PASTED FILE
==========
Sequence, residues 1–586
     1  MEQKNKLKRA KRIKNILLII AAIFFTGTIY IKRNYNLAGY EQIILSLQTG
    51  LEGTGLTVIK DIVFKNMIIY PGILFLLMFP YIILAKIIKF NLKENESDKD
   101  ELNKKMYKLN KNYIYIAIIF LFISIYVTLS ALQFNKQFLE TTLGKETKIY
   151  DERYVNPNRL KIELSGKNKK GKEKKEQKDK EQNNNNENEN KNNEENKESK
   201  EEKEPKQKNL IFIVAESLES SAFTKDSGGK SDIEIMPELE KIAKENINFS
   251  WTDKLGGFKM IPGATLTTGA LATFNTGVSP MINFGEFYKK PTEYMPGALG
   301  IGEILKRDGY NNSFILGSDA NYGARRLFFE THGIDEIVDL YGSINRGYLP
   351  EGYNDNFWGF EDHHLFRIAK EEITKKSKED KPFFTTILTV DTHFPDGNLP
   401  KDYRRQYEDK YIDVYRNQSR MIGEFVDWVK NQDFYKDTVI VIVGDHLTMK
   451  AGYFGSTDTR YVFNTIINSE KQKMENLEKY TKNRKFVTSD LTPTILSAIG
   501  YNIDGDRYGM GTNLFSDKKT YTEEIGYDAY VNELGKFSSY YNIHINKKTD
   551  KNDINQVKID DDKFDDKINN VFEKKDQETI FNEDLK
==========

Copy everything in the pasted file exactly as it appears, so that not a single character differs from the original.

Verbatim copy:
Sequence, residues 1–586
     1  MEQKNKLKRA KRIKNILLII AAIFFTGTIY IKRNYNLAGY EQIILSLQTG
    51  LEGTGLTVIK DIVFKNMIIY PGILFLLMFP YIILAKIIKF NLKENESDKD
   101  ELNKKMYKLN KNYIYIAIIF LFISIYVTLS ALQFNKQFLE TTLGKETKIY
   151  DERYVNPNRL KIELSGKNKK GKEKKEQKDK EQNNNNENEN KNNEENKESK
   201  EEKEPKQKNL IFIVAESLES SAFTKDSGGK SDIEIMPELE KIAKENINFS
   251  WTDKLGGFKM IPGATLTTGA LATFNTGVSP MINFGEFYKK PTEYMPGALG
   301  IGEILKRDGY NNSFILGSDA NYGARRLFFE THGIDEIVDL YGSINRGYLP
   351  EGYNDNFWGF EDHHLFRIAK EEITKKSKED KPFFTTILTV DTHFPDGNLP
   401  KDYRRQYEDK YIDVYRNQSR MIGEFVDWVK NQDFYKDTVI VIVGDHLTMK
   451  AGYFGSTDTR YVFNTIINSE KQKMENLEKY TKNRKFVTSD LTPTILSAIG
   501  YNIDGDRYGM GTNLFSDKKT YTEEIGYDAY VNELGKFSSY YNIHINKKTD
   551  KNDINQVKID DDKFDDKINN VFEKKDQETI FNEDLK